Pipes, Clojure and Choco (part 2: Direct Search)

This is the second in a series of posts that explore constraint programming. It’s always more fun to learn with a good example, so we’re writing a solution for this problem.

The routines I will show rely on a fair number of unexciting support routines in puzzle.clj. These support reading and writing puzzles, as well as testing for valid moves, etc. They are based around an immutable Puzzle record:

(defrecord Puzzle [n tiles cells])

where:

So a complete puzzle will have an empty tiles and a full (n * n values) cells map.

This uses “mask values” which are simple binary descriptions of the tiles. The zeroth bit of the mask indicates whether there is a pipe entering from the top; the next bit from the right; etc.

I use maps rather than 2D arrays because they are immutable in Clojure. This avoids any risk of corrupted state when backtracking and is still moderateely efficient (creating a new Puzzle typically involves adding one value to the tree behind cells and removing one value from the tree behind tiles).

Given all that, the search code is fairly simple. The state for a node consists of a Puzzle and the [i j] location of the last cell modified (which rasters across the puzzle as we deepen the search). And search consists of (1) finding the next empty cell and (2) listing all possible tiles (given the constraints from edges and neigbours):

(defn next-empty
  ([puzzle ij]
    (next-empty puzzle ij (dec (:n puzzle)) (:cells puzzle)))
  ([puzzle [i j] m cells]
    (cond
      (nil? (cells [i j])) [i j]
      (< i m) (recur puzzle [(inc i) j] m cells)
      (< j m) (recur puzzle [0 (inc j)] m cells)
      :else nil)))

(defn expand [[puzzle ij]]
  (let [ij (next-empty puzzle ij)]
    (for [mask (shuffle (keys (:tiles puzzle)))
          :when (valid-move? puzzle ij mask)]
      [(set-cell puzzle ij mask) ij])))

(defn solve [puzzle trace]
  (letfn [(solution? [[puzzle ij]]
            (complete? puzzle))]
    (dfs [puzzle [0 0]] solution? expand (atom 0) trace)))

So, how well does it perform? Again, I’m going to gloss over the support routines and focus on the resuts. The command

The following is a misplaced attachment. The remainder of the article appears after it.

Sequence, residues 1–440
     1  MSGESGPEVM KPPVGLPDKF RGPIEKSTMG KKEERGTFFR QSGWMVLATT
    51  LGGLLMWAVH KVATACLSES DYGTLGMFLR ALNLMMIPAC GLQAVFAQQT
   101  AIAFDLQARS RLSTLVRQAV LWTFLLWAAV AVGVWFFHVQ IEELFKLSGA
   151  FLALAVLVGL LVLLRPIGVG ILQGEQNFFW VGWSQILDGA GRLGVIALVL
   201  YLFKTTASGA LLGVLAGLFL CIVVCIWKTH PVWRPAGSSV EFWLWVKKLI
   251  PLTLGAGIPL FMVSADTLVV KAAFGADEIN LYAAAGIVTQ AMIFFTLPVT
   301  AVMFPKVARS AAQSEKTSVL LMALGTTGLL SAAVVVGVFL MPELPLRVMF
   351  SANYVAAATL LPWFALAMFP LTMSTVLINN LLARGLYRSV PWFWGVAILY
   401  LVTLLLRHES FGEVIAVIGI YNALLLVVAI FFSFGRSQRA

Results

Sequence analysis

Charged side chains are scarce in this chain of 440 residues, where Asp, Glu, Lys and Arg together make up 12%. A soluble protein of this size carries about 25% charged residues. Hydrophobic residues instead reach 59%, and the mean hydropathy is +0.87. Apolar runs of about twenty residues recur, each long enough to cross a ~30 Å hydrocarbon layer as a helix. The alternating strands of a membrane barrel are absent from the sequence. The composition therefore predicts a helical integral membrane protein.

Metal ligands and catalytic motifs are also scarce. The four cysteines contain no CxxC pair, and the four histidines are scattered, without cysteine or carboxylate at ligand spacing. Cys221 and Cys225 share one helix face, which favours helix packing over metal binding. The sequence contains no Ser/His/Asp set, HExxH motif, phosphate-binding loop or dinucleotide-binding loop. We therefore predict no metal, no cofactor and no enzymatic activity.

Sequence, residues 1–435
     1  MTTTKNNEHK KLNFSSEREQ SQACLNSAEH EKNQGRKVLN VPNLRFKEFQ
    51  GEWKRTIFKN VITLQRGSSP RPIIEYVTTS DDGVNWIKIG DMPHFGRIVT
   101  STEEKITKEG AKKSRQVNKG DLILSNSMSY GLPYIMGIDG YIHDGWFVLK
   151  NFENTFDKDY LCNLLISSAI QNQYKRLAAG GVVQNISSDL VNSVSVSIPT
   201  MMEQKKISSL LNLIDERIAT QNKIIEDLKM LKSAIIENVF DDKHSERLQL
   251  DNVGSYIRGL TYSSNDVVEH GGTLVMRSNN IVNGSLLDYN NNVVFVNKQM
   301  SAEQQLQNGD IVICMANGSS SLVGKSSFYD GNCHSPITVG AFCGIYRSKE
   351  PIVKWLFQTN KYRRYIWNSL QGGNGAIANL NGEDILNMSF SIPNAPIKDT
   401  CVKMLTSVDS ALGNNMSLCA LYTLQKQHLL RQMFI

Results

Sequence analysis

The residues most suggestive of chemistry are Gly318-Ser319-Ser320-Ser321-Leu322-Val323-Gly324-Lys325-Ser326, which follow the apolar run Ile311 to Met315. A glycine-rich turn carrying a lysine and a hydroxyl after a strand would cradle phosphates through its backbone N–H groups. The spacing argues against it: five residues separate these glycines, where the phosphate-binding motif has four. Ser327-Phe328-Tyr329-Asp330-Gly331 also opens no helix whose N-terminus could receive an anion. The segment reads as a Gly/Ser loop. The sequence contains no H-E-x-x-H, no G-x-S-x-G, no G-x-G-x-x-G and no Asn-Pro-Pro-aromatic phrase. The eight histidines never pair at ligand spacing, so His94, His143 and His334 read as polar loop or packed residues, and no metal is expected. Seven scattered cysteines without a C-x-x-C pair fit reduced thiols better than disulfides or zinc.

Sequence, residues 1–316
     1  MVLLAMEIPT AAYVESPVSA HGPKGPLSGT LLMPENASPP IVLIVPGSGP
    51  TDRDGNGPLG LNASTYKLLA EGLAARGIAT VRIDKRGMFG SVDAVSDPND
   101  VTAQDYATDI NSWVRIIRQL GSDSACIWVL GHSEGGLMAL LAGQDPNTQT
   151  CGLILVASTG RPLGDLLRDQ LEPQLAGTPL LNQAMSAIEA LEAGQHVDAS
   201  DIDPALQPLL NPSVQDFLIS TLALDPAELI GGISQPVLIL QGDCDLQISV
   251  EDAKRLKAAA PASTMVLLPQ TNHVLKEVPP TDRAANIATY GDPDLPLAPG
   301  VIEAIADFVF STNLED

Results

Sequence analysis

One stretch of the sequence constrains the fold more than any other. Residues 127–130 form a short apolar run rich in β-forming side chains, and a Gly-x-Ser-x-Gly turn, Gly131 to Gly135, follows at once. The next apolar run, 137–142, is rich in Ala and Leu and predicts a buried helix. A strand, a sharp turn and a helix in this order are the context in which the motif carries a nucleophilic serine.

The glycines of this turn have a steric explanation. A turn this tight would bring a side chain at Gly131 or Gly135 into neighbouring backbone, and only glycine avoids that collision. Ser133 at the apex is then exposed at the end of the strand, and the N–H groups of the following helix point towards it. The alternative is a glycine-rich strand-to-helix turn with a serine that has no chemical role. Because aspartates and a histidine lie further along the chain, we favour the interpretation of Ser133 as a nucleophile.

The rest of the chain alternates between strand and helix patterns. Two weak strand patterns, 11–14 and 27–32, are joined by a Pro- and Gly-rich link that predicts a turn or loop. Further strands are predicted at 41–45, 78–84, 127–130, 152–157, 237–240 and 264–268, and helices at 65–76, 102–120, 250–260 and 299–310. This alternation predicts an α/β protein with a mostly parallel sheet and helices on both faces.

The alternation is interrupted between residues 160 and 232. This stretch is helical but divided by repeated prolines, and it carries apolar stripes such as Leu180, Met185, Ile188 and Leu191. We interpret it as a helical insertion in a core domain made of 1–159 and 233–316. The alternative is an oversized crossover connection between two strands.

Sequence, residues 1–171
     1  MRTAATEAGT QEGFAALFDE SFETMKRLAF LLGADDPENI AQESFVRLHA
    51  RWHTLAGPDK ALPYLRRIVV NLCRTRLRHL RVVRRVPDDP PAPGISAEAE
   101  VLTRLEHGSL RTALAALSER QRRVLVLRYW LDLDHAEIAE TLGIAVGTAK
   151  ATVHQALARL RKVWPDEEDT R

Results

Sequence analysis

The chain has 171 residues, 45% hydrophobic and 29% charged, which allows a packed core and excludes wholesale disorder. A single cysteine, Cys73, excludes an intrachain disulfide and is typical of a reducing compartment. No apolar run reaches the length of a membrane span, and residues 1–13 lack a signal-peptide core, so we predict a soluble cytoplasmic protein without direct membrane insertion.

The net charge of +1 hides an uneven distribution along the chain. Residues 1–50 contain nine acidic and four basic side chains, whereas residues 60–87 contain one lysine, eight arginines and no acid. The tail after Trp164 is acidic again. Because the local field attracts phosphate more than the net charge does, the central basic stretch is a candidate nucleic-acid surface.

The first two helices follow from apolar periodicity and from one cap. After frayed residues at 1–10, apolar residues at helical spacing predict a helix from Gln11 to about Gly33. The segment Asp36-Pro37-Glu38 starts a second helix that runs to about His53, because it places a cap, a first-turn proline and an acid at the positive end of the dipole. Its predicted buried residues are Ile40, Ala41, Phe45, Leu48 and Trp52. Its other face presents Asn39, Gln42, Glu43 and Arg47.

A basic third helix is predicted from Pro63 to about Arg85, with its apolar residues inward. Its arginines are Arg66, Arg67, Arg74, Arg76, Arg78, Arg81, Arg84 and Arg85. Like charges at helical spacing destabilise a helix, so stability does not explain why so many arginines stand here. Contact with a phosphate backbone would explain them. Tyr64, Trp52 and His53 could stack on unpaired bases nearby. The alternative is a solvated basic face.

(solve-examples solve trace-diagram extract)

runs the search on the test data and prints some sweet diagrams as it goes:

1       2       3       4       5       6       7       8       9       10   
▒═▒▒▒	╔═▒▒▒	╔══▒▒	╔══╗▒	╔═╗▒▒	╔═╗╔▒	╔═╗╔╗	╔═╗╔╗	╔═╗╔╗	╔═╗╔╗
▒═▒▒▒	▒═▒▒▒	▒═▒▒▒	▒═▒▒▒	▒═▒▒▒	▒═▒▒▒	▒═▒▒▒	╠═▒▒▒	╠═╣▒▒	╠═╣║▒
▒╔▒╬▒	▒╔▒╬▒	▒╔▒╬▒	▒╔▒╬▒	▒╔▒╬▒	▒╔▒╬▒	▒╔▒╬▒	▒╔▒╬▒	▒╔▒╬▒	▒╔▒╬▒
▒▒▒▒╗	▒▒▒▒╗	▒▒▒▒╗	▒▒▒▒╗	▒▒▒▒╗	▒▒▒▒╗	▒▒▒▒╗	▒▒▒▒╗	▒▒▒▒╗	▒▒▒▒╗
╚▒▒▒▒	╚▒▒▒▒	╚▒▒▒▒	╚▒▒▒▒	╚▒▒▒▒	╚▒▒▒▒	╚▒▒▒▒	╚▒▒▒▒	╚▒▒▒▒	╚▒▒▒▒

11      12      13      14      15      16      17      18      19      20   
╔═╗╔╗	╔═╗╔╗	╔═╗╔╗	╔═╗╔╗	╔═╗╔╗	╔═╗╔╗	╔═╗╔╗	╔═╗╔╗	╔═╗╔╗	╔═╗╔╗
╠═╣║║	╠═╣║║	╠═╣║║	╠═╣║║	╠═╣║║	╠═╣║║	╠═╣║║	╠═╣║║	╠═╣║║	╠═╣║║
▒╔▒╬▒	║╔▒╬▒	║╔╬╬▒	║╔╬╬╝	║╔╬╬╝	║╔╬╬╝	║╔╬╬╝	║╔╬╬╝	║╔╬╬╝	║╔╬╬╝
▒▒▒▒╗	▒▒▒▒╗	▒▒▒▒╗	▒▒▒▒╗	║▒▒▒╗	║╚▒▒╗	║╚╝▒╗	║╚╝╚╗	║╚╝╚╗	║║▒▒╗
╚▒▒▒▒	╚▒▒▒▒	╚▒▒▒▒	╚▒▒▒▒	╚▒▒▒▒	╚▒▒▒▒	╚▒▒▒▒	╚▒▒▒▒	╚═▒▒▒	╚▒▒▒▒

21      22      23      24      25      26   
╔═╗╔╗	╔═╗╔╗	╔═╗╔╗	╔═╗╔╗	╔═╗╔╗	╔═╗╔╗
╠═╣║║	╠═╣║║	╠═╣║║	╠═╣║║	╠═╣║║	╠═╣║║
║╔╬╬╝	║╔╬╬╝	║╔╬╬╝	║╔╬╬╝	║╔╬╬╝	║╔╬╬╝
║║║▒╗	║║║╚╗	║║║╚╗	║║║╚╗	║║║╚╗	║║║╚╗
╚▒▒▒▒	╚▒▒▒▒	╚╝▒▒▒	╚╝╚▒▒	╚╝╚═▒	╚╝╚═╝

1         2         3        ...   374   
▒▒▒▒▒▒	  ╔▒▒▒▒▒    ╔╗▒▒▒▒	   ╔╗╔╗╔╗
▒╠▒▒▒▒	  ▒╠▒▒▒▒    ▒╠▒▒▒▒	   ║╠╣║║║
▒▒▒▒▒▒	  ▒▒▒▒▒▒    ▒▒▒▒▒▒	   ║║║║║║
▒▒▒▒▒▒	  ▒▒▒▒▒▒    ▒▒▒▒▒▒	   ║║║║║║
▒▒▒▒╣▒	  ▒▒▒▒╣▒    ▒▒▒▒╣▒	   ║║║╠╣║
▒▒▒▒▒▒	  ▒▒▒▒▒▒    ▒▒▒▒▒▒	   ╚╝╚╝╚╝

The first solution is so well-constrained that there is almost no backtracking (the biggest regression seems to be between 19 and 20 - at 19 there were no suitable pieces; 20 uses the child following 15-16). The second solution is a lot more open - if you run the code these diagrams are printed to screen and you can “animate” the search progress by scrolling the console.

Note that the exact depths required will change on each run because I shuffle the candidate tiles within expand (to avoid any systematic bias with the limited number of tests).

Those examples have initial constraints and are fairly small. To see how the search scales I also fitted it to empty puzzles with tiles suitable for concentric circles (squares?):

28207     1439846   
╔══════╗  ╔════════╗
║╔════╗║  ║╔══════╗║
║║╔══╗║║  ║║╔════╗║║
║║║╔╗║║║  ║║║╔══╗║║║
║║║╚╝║║║  ║║║║╔╗║║║║
║║╚══╝║║  ║║║║╚╝║║║║
║╚════╝║  ║║║╚══╝║║║
╚══════╝  ║║╚════╝║║
	  ║╚══════╝║
      	  ╚════════╝

As expected, these require many more iterations.

And, finally, here are timings (ms per puzzle in ms / average number of iterations):

         examples            concentric                     per iteration
         5x5       6x6       8x8           10x10            average
direct   0.2ms/40  2ms/300   200ms/30,000  10s/1,000,000    5-10us

You can see all the code in the repo.

Next time I’ll show how to make the search smarter (and then, in the final article, see how Choco compares against these “hand crafted” solutions).

Andrew


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